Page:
1. Identification – a group of people is identified as the cause of the problems in that society. People begin to perceive their fellow citizens as bad or evil. Their lives become worthless.
2. Ostracism - we learn how to hate these people, how to take their jobs away, how to make it harder for them to survive. People lose their place to live and are often forced into ghettos where they are physically isolated, separated from the rest of society.
3. Confiscation - people lose their rights, they lose civil liberties. The laws change so that it becomes easier for people to be searched and for their property to be confiscated, and once you start taking people’s property away, it makes it easier to start taking people away.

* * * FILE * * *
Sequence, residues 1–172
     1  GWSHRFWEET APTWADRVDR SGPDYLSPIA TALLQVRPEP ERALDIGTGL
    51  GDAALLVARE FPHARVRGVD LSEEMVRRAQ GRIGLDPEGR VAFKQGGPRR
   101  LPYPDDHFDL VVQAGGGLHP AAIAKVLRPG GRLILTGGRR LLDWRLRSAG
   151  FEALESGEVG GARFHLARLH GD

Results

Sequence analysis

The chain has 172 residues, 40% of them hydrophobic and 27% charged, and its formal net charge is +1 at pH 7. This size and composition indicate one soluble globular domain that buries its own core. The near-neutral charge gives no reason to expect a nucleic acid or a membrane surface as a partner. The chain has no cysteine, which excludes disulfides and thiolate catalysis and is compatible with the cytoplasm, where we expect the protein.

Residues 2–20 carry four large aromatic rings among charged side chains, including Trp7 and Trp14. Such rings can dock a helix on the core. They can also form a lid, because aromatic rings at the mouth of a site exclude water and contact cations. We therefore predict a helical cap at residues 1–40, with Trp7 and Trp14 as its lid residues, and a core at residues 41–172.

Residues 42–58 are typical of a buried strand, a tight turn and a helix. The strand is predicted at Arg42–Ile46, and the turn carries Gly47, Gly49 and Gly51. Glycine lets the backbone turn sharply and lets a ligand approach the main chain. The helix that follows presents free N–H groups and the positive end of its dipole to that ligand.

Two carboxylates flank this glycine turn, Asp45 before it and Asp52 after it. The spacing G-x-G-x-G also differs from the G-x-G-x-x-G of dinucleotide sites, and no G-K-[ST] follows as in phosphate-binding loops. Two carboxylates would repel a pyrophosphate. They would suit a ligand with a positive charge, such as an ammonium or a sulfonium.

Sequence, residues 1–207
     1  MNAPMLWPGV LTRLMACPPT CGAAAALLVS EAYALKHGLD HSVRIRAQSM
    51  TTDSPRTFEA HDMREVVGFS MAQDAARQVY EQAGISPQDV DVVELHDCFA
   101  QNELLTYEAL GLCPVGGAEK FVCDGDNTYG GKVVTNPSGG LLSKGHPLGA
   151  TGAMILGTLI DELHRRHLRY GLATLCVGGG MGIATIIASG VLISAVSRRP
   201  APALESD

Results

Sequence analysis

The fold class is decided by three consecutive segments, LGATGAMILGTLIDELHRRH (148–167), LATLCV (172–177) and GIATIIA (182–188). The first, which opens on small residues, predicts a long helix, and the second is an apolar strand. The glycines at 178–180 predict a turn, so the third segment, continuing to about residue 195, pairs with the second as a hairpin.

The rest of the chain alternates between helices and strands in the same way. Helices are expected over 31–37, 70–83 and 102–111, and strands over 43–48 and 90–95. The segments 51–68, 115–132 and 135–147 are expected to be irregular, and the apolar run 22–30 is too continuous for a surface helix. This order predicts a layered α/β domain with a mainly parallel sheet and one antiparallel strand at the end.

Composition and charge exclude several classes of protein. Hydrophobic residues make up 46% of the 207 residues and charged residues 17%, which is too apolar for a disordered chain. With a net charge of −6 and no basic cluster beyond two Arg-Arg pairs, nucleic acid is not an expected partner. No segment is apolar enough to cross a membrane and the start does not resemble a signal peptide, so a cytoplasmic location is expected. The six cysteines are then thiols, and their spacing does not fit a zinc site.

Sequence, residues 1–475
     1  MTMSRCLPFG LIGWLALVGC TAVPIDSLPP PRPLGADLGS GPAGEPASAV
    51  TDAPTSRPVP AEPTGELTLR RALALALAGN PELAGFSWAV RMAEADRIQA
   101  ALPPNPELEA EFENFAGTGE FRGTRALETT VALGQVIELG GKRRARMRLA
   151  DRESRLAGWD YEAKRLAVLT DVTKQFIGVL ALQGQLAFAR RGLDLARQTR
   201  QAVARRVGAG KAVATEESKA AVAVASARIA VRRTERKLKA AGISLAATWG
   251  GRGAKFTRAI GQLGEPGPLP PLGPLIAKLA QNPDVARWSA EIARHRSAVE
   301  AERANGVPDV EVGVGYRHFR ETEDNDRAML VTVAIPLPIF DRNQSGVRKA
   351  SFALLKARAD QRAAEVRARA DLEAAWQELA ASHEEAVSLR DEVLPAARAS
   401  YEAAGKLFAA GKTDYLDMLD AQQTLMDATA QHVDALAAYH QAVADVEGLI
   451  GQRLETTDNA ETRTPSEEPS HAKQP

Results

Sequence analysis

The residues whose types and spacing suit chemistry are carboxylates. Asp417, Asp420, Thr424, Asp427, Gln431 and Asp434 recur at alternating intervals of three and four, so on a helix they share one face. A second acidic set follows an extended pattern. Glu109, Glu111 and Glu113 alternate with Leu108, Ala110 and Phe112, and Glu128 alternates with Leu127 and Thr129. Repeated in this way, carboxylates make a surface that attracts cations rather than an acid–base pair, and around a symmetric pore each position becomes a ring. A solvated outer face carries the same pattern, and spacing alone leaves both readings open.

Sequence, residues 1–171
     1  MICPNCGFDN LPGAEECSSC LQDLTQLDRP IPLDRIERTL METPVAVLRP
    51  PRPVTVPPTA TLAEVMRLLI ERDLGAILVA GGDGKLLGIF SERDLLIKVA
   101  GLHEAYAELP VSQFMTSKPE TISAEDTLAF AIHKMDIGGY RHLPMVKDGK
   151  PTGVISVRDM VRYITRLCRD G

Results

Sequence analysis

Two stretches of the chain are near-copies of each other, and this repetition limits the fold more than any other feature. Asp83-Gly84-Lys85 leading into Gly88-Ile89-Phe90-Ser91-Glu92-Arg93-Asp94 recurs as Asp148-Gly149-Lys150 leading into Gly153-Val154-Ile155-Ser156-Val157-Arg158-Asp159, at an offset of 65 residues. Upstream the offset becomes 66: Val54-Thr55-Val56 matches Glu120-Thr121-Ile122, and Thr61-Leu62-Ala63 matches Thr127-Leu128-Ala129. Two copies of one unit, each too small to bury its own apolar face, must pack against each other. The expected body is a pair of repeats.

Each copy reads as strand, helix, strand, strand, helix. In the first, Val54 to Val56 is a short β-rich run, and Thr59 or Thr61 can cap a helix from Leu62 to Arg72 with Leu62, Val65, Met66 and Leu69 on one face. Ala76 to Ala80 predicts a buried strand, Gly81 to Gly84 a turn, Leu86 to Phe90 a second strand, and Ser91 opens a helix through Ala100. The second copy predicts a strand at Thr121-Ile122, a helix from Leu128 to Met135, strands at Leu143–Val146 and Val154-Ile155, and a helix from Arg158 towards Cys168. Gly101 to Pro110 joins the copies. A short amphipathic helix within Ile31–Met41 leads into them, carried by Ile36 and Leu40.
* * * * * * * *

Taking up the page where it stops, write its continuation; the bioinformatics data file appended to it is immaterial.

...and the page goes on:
4. Concentration - the State begins to concentrate undesirables into facilities such as prisons and camps. People lose their rights. People can’t vote any more. They can’t have children any more. Often their labor is exploited in a systematic form.
5. Annihilation - this might be indirect, by withholding medical care, by withholding food, or by preventing further births. Or it may be direct, where death is inflicted, where people are deliberately killed.
Tuesday, July 2, 2013
The Five Stages of Destruction as it Relates to America’s War on Drugs: “The House I Live In”
At approximately 1:27:00 into the following amazing documentary, “The House I Live In”, reflecting on the work of Raul Hilberg , Richard Lawrence Miller provides a summary of the step-by-step process of destruction as it relates to America’s War on Drugs (relevant video segment follows the full documentary):